Then there are some lower profile items that would have far-reaching ramifications:
8. Electric car charging stations. The Senate budget includes $10 million, with $5 million reserved for “historically economically disadvantaged communities.” That would cover a lot of rural counties in Southwest and Southside, although it wouldn’t necessarily direct the money there. The House budget includes $5 million specifically to “establish a network of chargers throughout rural Virginia.” This is surprising because the House budget – keep in mind that Republicans now control the House, and thus the budget process there – isn’t especially kind toward renewable energy. Outside of the budget, the House wanted to repeal the Clean Economy Act (the Senate doesn’t, so that won’t happen). Within the budget, the House plan eliminates the $30 million that Northam wanted to use to launch a solar loan and rebate program. It also eliminates $500,000 in Northam-proposed spending to add more positions for dealing with solar farm permits. So how does the House budget justify $5 million for electric car charging stations in rural Virginia? Tourism. The money is listed as “rural EV-tourism network” and puts the Virginia Tourism Authority in charge. The Republican-controlled House may not want to be seen pushing renewables as enthusiastically as their Democratic predecessors did, but apparently even rural Republicans like the idea of pocketing money from tourists and don’t want to cut themselves out of the growing market of electric vehicle drivers.
9. Aviation maintenance technology program in Danville. The House plan includes $1.8 million for Danville Community College to establish an aviation maintenance technology program. It also authorizes the school to establish a partnership with Averett University, which has a Bachelor of Science in Aerospace Management with two concentrations — aviation business and flight operations. How might this help grow a new economic cluster in Danville?
10. Waste coal. The Senate budget includes $500,000 to identify the number and volume of waste coal piles in Southwest Virginia and “the evaluation of opportunities to use coal combustion residuals for construction purposes in public infrastructure projects.” A study from the Appalachian School of Law laid out the problems – and opportunities – with waste coal, often called “gob.” This would be $500,000 well spent.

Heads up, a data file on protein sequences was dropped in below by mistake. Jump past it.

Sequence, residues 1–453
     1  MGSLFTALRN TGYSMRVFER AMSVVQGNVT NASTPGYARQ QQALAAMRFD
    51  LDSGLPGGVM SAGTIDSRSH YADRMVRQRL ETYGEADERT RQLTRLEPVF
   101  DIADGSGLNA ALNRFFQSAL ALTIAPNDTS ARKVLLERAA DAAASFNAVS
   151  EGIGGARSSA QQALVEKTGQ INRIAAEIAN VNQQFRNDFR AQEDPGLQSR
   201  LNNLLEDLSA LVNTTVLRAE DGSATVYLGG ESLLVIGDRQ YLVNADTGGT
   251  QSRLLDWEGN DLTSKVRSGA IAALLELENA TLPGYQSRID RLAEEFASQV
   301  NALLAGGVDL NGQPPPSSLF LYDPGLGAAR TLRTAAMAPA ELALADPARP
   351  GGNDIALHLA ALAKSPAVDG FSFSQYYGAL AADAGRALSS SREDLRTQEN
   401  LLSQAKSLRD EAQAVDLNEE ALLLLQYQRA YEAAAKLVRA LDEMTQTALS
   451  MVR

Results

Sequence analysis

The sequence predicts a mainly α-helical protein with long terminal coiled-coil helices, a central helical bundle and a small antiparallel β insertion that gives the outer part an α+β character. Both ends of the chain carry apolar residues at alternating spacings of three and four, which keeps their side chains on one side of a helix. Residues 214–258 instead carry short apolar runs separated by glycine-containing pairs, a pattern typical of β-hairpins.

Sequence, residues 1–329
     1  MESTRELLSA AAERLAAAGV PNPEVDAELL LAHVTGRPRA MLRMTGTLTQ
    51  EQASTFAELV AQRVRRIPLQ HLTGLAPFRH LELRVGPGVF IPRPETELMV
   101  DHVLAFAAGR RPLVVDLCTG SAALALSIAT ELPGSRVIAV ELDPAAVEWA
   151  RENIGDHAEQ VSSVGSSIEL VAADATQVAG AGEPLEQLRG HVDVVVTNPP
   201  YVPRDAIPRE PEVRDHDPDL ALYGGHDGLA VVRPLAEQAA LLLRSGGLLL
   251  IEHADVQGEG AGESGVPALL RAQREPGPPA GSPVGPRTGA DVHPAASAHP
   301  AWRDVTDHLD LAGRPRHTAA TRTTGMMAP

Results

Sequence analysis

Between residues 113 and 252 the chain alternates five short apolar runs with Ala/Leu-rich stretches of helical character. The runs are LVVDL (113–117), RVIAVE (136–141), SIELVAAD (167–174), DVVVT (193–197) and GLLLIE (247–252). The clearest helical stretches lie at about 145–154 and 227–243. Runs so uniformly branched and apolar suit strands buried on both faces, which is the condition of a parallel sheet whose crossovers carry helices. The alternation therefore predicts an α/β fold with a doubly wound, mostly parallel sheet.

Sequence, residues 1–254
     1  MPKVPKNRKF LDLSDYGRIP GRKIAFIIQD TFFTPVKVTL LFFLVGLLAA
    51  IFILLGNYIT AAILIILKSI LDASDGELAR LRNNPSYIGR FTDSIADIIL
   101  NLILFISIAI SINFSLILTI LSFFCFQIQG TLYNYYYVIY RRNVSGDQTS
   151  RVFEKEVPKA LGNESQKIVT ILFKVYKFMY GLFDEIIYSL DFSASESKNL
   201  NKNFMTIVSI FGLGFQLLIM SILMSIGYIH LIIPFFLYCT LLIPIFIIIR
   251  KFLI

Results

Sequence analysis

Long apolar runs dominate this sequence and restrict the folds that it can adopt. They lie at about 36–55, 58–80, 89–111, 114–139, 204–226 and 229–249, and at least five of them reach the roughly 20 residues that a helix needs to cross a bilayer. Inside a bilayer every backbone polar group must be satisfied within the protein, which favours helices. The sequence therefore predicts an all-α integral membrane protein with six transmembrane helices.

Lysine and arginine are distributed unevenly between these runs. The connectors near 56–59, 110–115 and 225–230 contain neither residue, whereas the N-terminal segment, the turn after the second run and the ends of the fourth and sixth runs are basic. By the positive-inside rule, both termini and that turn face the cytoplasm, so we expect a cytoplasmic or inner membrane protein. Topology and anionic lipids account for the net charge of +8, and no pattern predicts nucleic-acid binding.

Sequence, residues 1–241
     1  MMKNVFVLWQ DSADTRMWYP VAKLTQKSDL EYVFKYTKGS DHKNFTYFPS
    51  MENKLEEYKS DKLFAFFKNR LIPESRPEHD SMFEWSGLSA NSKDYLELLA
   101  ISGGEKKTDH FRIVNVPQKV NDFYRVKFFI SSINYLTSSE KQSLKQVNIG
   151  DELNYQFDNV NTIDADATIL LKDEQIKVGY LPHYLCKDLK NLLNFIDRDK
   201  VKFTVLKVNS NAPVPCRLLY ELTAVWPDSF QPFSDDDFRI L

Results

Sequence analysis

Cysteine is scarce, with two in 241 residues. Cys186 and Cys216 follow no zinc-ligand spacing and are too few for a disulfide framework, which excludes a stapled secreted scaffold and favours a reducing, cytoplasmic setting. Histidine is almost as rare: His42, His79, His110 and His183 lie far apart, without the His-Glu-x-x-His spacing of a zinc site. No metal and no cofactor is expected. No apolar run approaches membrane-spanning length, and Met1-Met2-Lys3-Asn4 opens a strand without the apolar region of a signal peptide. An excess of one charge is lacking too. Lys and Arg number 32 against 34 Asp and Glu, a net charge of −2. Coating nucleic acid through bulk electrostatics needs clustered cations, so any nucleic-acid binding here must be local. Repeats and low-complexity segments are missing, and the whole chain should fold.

11. Economic development in Southwest Virginia. The House budget includes $400,000 to help the Lenowisco Planning District Commission and the Cumberland Plateau Planning District Commission “identify, plan, and support economic development efforts” that “align with federal funding opportunities, including Assistance to Coal Communities funding.” The new federal infrastructure law includes a lot of money for abandoned mine projects, in particular, so it seems smart for the state to figure out how to make sure our coal counties benefit from that.
12. Wine-making. The House budget directs the state spend $250,000 out of the Virginia Wine Promotion Fund “for the purpose of breeding vinifera-style wine grapes adapted to the Mid-Atlantic US with a specified focus on combining vinifera fruit quality with downy mildew resistance, with an objective of commercializing the resulting variety within 10 to 15 years.” This might be of particular interest to Southside, where the Virginia Tobacco Region Revitalization Commission has been encouraging grape-growing as one alternative crop.
And then there are some parts of the budget known as “language only” amendments because they don’t involve a specific amount of money, but are used to direct certain actions of government. For instance, the House budget directs the Virginia Tourism Authority – when it’s not dealing with electric car charging stations – to provide “technical assistance” to Danville “on how best to plan for increased tourism in the Southside region due to infrastructure improvements at the Virginia International Raceway and the opening of a casino in the City.” There’s no mention of the other cities that are also getting casinos — Bristol, Norfolk and Portsmouth
So if all these go through – and, realistically, not all will; something’s got to give somewhere as the two chambers work out their differences – there will be lots of choices. Somehow could drive their electric car to Danville to gamble at the casino – and maybe someday sip on some of that vinfera-style wine. We’ll find out in a few weeks.